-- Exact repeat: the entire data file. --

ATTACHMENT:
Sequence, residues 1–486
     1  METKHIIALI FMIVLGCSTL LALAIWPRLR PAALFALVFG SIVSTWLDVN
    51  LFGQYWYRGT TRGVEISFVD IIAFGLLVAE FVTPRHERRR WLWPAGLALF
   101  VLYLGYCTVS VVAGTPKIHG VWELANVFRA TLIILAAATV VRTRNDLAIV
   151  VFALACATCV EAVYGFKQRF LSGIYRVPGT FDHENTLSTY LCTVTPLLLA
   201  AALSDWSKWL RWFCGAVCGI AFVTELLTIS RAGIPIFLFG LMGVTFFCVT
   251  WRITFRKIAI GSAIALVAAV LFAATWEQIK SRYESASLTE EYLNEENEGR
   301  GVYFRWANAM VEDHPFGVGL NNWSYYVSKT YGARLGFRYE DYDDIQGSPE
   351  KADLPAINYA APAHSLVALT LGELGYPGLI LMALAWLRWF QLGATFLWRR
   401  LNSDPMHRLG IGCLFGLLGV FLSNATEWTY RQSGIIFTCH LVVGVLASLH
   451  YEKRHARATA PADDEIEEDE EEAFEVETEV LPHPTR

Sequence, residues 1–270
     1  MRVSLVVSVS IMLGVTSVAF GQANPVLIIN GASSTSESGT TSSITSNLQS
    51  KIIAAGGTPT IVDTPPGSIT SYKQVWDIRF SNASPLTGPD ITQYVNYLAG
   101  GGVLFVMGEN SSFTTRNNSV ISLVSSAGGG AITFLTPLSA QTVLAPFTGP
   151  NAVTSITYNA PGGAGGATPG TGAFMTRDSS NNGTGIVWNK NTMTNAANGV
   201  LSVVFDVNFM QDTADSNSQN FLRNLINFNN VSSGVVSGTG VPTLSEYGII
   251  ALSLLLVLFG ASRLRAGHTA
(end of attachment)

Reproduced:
Sequence, residues 1–486
     1  METKHIIALI FMIVLGCSTL LALAIWPRLR PAALFALVFG SIVSTWLDVN
    51  LFGQYWYRGT TRGVEISFVD IIAFGLLVAE FVTPRHERRR WLWPAGLALF
   101  VLYLGYCTVS VVAGTPKIHG VWELANVFRA TLIILAAATV VRTRNDLAIV
   151  VFALACATCV EAVYGFKQRF LSGIYRVPGT FDHENTLSTY LCTVTPLLLA
   201  AALSDWSKWL RWFCGAVCGI AFVTELLTIS RAGIPIFLFG LMGVTFFCVT
   251  WRITFRKIAI GSAIALVAAV LFAATWEQIK SRYESASLTE EYLNEENEGR
   301  GVYFRWANAM VEDHPFGVGL NNWSYYVSKT YGARLGFRYE DYDDIQGSPE
   351  KADLPAINYA APAHSLVALT LGELGYPGLI LMALAWLRWF QLGATFLWRR
   401  LNSDPMHRLG IGCLFGLLGV FLSNATEWTY RQSGIIFTCH LVVGVLASLH
   451  YEKRHARATA PADDEIEEDE EEAFEVETEV LPHPTR

Sequence, residues 1–270
     1  MRVSLVVSVS IMLGVTSVAF GQANPVLIIN GASSTSESGT TSSITSNLQS
    51  KIIAAGGTPT IVDTPPGSIT SYKQVWDIRF SNASPLTGPD ITQYVNYLAG
   101  GGVLFVMGEN SSFTTRNNSV ISLVSSAGGG AITFLTPLSA QTVLAPFTGP
   151  NAVTSITYNA PGGAGGATPG TGAFMTRDSS NNGTGIVWNK NTMTNAANGV
   201  LSVVFDVNFM QDTADSNSQN FLRNLINFNN VSSGVVSGTG VPTLSEYGII
   251  ALSLLLVLFG ASRLRAGHTA